It's Vincent Smith and I am checking in to give a little update the garden project. A few weeks ago we were part of a video shoot in Flint and #EATING is featured as part of a commercial for Flint Public Health campaign.
For those of you who don't know we started #EATING project and I build gardens with youth so they have good role models and learn about accountability, taking care of their neighborhoods, and how to eat healthy. We started in my hometown in Florida and now we are in Flint.
This last picture is our other Team Gardens member - from Flint and went to the NY Jets and now plays Pro Basketball in Finland. We have a group of about a dozen or so neighbor kids that we garden with.
You can read more about us at teamgardens.org
you can get our cool #EATING shirts at shopeating.com
and if you want to hang out during tailgating email me at [email protected]
If you emailed me already and heard back I am behind on emails and I am not really a computer person but I am learning to be one.
As founder, chairman, AND president of the "One More Year Jabrill" foundation, I am disconcerted at NFL projections already making the way around The Internets.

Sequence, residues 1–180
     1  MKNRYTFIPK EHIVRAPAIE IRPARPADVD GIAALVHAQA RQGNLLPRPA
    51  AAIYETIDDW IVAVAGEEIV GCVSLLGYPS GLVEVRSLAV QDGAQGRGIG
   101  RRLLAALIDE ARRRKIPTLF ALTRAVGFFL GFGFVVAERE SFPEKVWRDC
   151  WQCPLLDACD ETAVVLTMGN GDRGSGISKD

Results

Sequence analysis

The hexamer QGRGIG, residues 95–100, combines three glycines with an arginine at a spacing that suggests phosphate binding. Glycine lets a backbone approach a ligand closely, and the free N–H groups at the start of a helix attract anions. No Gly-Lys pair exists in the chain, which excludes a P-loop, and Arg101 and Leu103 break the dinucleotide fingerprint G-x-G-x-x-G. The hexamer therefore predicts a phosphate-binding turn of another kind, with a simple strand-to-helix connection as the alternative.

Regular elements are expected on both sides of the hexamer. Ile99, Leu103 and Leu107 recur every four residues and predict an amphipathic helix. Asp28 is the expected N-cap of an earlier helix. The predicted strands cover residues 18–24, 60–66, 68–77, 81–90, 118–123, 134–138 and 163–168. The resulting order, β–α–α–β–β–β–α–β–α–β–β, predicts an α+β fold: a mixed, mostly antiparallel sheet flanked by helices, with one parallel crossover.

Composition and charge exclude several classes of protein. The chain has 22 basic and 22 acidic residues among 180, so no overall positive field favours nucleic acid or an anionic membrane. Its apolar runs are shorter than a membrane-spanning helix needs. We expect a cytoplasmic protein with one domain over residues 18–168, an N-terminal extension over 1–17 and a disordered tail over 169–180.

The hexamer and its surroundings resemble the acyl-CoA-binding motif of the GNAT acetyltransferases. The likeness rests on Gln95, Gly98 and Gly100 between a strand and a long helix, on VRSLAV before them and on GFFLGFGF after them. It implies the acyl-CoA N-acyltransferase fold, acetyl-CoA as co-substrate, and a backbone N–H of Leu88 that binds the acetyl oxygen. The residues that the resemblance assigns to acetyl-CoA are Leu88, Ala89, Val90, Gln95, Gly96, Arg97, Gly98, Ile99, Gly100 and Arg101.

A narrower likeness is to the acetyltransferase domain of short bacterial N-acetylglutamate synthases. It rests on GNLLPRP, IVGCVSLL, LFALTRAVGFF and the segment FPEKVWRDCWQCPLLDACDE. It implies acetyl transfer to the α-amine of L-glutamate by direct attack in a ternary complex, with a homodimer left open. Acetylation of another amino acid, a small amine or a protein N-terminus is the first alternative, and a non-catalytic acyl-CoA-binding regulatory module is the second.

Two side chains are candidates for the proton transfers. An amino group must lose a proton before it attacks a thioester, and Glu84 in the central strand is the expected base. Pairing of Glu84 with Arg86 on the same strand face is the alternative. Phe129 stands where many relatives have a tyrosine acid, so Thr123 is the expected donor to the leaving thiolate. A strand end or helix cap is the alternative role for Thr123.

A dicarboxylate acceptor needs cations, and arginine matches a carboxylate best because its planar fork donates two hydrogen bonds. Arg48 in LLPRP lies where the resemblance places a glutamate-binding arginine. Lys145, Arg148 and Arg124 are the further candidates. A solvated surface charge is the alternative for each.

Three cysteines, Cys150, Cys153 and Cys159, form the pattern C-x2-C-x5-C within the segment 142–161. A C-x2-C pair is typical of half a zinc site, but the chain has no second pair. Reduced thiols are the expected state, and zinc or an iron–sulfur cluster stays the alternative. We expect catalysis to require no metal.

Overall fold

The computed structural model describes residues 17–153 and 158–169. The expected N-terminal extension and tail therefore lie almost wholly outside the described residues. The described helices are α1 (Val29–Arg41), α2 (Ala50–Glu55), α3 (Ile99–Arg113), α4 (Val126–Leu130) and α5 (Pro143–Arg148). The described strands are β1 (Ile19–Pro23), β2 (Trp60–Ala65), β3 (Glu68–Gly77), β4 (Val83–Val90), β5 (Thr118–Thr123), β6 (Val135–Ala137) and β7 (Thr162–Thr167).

I am further disheartened by the projections of WHERE he might go.
I wish to start a GoFundMe account to keep him in school and avoid being selected here...
Yes, I know...mock drafts be damned.
Jabrill Peppers, SS, Michigan: Entering a contract year, Johnathan Cyprien has yet to cement himself as a starting-caliber safety. An above average athlete, Peppers can do just about everything on the football field.
At least one person will be happy about this should it come to fruitiion.
p.s. Jabrill should be #1. Obviously.
W. P. Kinsella passed away last weekend at the age of eighty-one. During his lifetime, Kinsella published seven novels and over a dozen collections of short stories, but the work for which he will be most remembered is Shoeless Joe, the book on which the 1989 film Field of Dreams was based. Now familiar to sports fans and non-sports fans alike, the story hardly needs to be recounted: an Iowa man hears a spectral voice while standing in the middle of his cornfield, and by heeding its call, the man discovers a way back to the baseball heroes of his youth. Kinsella’s work was often assigned the label of magical realism, a term which suggests the blending of fact and fantasy into a tenuous equilibrium, but to the true devotee, Kinsella’s work may read more like a testament of faith. Kinsella’s lasting contribution may be the way in which he taught sports fans to believe in the voice from the sky.